New Delhi: The Union Cabinet chaired by Prime Minister Narendra Modi on Wednesday approved the National Health Policy, 2017 (NHP 2017), which aims to provide universal health coverage and deliver quality healthcare services at affordable cost to all the people of the country.
Terming the cabinet approval of the National Health Policy 2017 as a huge milestone in the history of public health in the country, Union Health Minister J P Nadda said, “The policy recommends prioritizing the role of the government in shaping health systems in all its dimensions.”
He said, “The roadmap of this new policy is predicated on public spending and provisioning of a public healthcare system that is comprehensive, integrated and accessible to all. Further, it advocates a positive and proactive engagement with the private sector for critical gap filling towards achieving national goals.”
The broad principles of the policy are centred on professionalism, integrity and ethics, equity, affordability, universality, patient centric and quality of care, accountability and pluralism.
The policy is patient centric and quality driven. It looks at problems and solutions holistically with private sector as strategic partners. It addresses health security and make in India for drugs and medical devices. The focus is on emerging diseases and investment in promotive and preventive healthcare.
In order to provide access and financial protection at secondary and tertiary care levels, the policy proposes free drugs, free diagnostics and free emergency care services in all public hospitals.
The policy envisages strategic purchase of secondary and tertiary care services as a short-term measure to supplement and fill critical gaps in the health system. It recommends prioritizing the role of the government in shaping health systems in all its dimensions.
The NHP 2017 advocates a positive and proactive engagement with the private sector for critical gap filling towards achieving national goals. It envisages private sector collaboration for strategic purchasing, capacity building, skill development programmes, awareness generation, developing sustainable networks for community to strengthen mental health services, and disaster management. The policy also advocates financial and non-financial incentives for encouraging the private sector participation.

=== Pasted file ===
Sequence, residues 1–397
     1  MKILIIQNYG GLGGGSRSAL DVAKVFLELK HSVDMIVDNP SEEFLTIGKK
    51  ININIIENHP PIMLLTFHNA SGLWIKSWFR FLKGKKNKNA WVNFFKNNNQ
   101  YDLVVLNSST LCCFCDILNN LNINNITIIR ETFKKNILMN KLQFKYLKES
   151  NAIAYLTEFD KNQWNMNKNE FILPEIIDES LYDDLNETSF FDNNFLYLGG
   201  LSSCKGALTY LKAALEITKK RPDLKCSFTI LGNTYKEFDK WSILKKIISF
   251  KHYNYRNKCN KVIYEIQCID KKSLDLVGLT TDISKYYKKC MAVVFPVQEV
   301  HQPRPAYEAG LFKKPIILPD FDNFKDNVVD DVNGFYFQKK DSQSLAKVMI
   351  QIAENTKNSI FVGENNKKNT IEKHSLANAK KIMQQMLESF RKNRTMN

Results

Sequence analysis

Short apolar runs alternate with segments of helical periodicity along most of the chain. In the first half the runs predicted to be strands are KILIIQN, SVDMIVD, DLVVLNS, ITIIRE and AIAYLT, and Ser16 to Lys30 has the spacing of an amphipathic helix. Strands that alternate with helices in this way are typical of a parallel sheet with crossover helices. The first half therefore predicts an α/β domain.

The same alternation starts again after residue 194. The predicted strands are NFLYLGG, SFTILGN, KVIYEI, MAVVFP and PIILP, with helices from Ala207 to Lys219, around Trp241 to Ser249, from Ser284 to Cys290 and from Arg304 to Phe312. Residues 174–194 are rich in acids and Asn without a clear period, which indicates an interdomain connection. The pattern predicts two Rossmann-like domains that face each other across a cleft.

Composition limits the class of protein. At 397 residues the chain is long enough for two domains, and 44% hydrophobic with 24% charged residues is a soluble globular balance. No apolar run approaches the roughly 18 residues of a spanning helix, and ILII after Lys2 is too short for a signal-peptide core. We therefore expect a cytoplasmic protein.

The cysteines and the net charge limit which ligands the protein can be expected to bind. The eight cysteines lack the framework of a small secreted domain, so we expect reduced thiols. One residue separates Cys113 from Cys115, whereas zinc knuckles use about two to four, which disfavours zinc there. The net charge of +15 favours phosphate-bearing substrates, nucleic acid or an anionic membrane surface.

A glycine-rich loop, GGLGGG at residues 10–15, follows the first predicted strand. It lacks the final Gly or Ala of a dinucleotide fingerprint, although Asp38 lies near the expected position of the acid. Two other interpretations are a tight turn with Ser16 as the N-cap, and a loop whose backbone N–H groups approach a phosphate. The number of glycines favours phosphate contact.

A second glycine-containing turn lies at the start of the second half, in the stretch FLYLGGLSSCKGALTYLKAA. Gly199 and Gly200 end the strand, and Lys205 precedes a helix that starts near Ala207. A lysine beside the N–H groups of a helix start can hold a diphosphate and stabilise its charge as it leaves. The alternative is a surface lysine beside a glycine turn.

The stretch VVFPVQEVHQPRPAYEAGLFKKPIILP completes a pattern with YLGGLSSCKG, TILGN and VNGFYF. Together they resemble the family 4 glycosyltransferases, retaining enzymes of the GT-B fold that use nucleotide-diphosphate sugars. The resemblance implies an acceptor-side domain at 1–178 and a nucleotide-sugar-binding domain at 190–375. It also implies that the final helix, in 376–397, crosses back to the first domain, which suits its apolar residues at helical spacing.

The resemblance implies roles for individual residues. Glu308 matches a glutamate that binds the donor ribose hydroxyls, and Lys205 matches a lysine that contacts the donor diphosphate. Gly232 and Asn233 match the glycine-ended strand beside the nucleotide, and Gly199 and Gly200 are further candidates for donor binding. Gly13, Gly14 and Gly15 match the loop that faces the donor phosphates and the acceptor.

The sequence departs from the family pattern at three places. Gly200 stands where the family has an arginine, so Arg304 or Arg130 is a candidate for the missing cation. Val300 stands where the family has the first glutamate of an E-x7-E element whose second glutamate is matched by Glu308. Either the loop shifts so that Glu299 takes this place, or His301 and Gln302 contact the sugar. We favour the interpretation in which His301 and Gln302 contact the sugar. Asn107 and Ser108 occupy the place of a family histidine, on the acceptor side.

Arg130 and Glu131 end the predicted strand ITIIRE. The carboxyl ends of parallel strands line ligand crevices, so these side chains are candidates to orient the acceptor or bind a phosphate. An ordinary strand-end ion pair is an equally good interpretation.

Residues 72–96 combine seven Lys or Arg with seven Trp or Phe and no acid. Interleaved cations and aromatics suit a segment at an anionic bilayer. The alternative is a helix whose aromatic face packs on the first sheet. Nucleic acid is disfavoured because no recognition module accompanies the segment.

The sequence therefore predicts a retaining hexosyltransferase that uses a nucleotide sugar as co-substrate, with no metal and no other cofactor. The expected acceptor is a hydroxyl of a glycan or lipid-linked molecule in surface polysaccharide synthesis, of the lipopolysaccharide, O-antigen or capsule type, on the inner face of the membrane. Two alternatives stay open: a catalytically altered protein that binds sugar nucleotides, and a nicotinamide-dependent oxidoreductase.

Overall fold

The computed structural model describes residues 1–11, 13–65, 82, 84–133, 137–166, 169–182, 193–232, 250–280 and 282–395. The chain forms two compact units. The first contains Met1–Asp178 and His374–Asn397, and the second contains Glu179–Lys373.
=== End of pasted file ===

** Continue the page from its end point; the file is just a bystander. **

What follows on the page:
The policy proposes raising public health expenditure to 2.5% of the GDP in a time bound manner. It denotes important change from very selective to comprehensive primary health care package, which includes geriatric health care, palliative care and rehabilitative care services.
The policy advocates allocating major proportion (upto two-thirds or more) of resources to primary care followed by secondary and tertiary care. It aspires to provide at the district level most of the secondary care, which is currently provided at a medical college hospital.
The policy assigns specific quantitative targets aimed at reduction of disease prevalence/incidence, for health status and programme impact, health system performance and system strengthening.
It seeks to strengthen the health, surveillance system and establish registries for diseases of public health importance by 2020. It also seeks to align other policies for medical devices and equipment with public health goals.
The policy aims to encourage medical pluralism and build the knowledge base required for better health. It emphasizes reorienting and strengthening the public health institutions across the country, so as to provide universal access to free drugs, diagnostics and other essential healthcare.
It seeks to ensure improved access and affordability of quality secondary and tertiary care services through a combination of public hospitals and strategic purchasing in healthcare deficit areas from accredited non-governmental healthcare providers, achieve significant reduction in out of pocket expenditure and reinforce trust in public healthcare system.